By Karen L. Ranz
The very best of summer’s produce has been in demand at farm stands and farmers’ markets all over Vermont. The tops of farmers market shopping bags and baskets are brimming over with the feathery tops of fennel and carrots bobbing along, competing for room with leafy beet tops and lustrous green Swiss chard.
The early heirloom tomatoes and peppers have finally arrived. Berries, fresh peas, salad turnips, summer squash in a remarkable number of varieties, fresh milk from green pastures and cheeses made from it, and many, many more wonderful seasonal things are also on display.
The Rutland market sees several thousand shoppers each week, and everyone seems glad to be out and about on nice mornings. Even a recent downpour, according to several vendors, increased sales rather than dampened them. One couple arrived on bikes wet rather than turn home or take cover. A woman with a stadium umbrella walked me over to my favorite egg producer when she heard I was taking him my stale bread and kitchen parings for his “ladies.”
These seem like such egalitarian, quintessentially Vermont affairs. Even the canines are in tune – tails wagging, ears perked, little dogs meeting big dogs nose-to-nose. That’s no small part of what there is to enjoy.
But markets aren’t entirely egalitarian. To many, an essence of exclusivity outshines what the rest of us see. Farmers markets can be out of reach for many Vermonters with limited food budgets, including seniors and working families.
And that’s why it’s important to know that there are seasonal programs that make shopping for fresh, local produce within reach. Each of us knows someone this information might help, whether it’s at work, down the road, or at church or another community group.
Programs like Farm to Family coupons and NOFA Crop Cash coupons enable people to make their own food selections and also to experience the simple joy of feeling like an equal part of our community in such an intrinsic way. They help people get freshly-picked Vermont fruits and vegetables that are sustainably produced.
Still, the differences and similarities between the programs can be somewhat confusing. If you or someone you know might qualify, this is information to keep handy.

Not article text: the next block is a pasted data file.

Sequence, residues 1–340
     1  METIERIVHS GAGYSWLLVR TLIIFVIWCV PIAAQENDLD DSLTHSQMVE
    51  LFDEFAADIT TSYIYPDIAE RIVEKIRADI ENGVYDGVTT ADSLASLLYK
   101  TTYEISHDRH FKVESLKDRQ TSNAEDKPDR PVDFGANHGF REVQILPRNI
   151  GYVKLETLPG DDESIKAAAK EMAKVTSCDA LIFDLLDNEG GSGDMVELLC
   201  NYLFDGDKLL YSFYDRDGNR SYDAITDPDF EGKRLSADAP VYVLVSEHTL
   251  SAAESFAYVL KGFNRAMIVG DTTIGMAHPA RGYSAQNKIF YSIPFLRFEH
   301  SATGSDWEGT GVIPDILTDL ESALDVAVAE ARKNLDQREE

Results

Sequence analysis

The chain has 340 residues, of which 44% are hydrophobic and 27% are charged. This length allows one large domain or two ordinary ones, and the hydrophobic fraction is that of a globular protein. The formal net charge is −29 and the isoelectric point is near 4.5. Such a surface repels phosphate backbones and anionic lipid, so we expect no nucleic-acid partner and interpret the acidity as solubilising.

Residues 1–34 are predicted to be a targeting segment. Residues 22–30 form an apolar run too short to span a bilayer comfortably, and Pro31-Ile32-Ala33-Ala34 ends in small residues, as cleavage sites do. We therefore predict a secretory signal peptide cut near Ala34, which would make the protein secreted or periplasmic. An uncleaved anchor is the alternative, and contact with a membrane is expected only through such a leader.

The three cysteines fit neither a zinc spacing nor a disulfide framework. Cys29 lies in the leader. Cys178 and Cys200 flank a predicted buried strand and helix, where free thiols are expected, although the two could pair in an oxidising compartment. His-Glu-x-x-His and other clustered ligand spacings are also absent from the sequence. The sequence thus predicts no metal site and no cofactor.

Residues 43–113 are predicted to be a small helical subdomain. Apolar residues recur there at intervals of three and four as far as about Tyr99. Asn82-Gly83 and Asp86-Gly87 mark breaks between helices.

Farm to Family coupons are distributed through BROC Community Action. These $3.00 coupons are valid only for locally grown fruits, vegetables and cut herbs sold fresh. Prepared foods, dried or potted herbs, or decorative items like gourds, painted pumpkins and Indian corn do not qualify. They can be used at any Vermont farmers market now through October 31st that’s enrolled in Farm to Family. No cash change will be given. For more information, visit http://dcf.vermont.gov/esd/farm_to_family
NOFA Crop Cash Coupons are available at markets where EBT cards are accepted but supplies are limited. For each dollar of tokens purchased with 3SquaresVT funds, an additional $1.00 in Crop Cash coupons - up to $10.00 - is also issued. These apply towards purchases of fresh fruits and vegetables only. Markets will accommodate elderly or disabled customers who get their benefits as bank deposits rather than as electronic benefits. These are available now through October 31st or as long as supplies last. They’re usable only at the market where they are purchased, and no cash change will be given. For more information, visit http://nofavt.org/cropcash.
EBT & debit card tokens are available year-round at most farmers markets in the state. They’re applicable towards purchases of any market product except alcoholic beverages, prepared food served hot, and anything not intended for human consumption. You can use them for fruits and vegetables, as well as eggs, breads, cheeses, bedding plants, etc. Tokens are redeemable only at the market where they were purchased, and they’re available in $1.00 and $5.00 denominations, although cash change will only be given for $5.00 tokens. For a list of farmers markets that accept EBT, visit http://www.vermontfoodhelp.com/where-can-i-use-3squaresvt/farmers-markets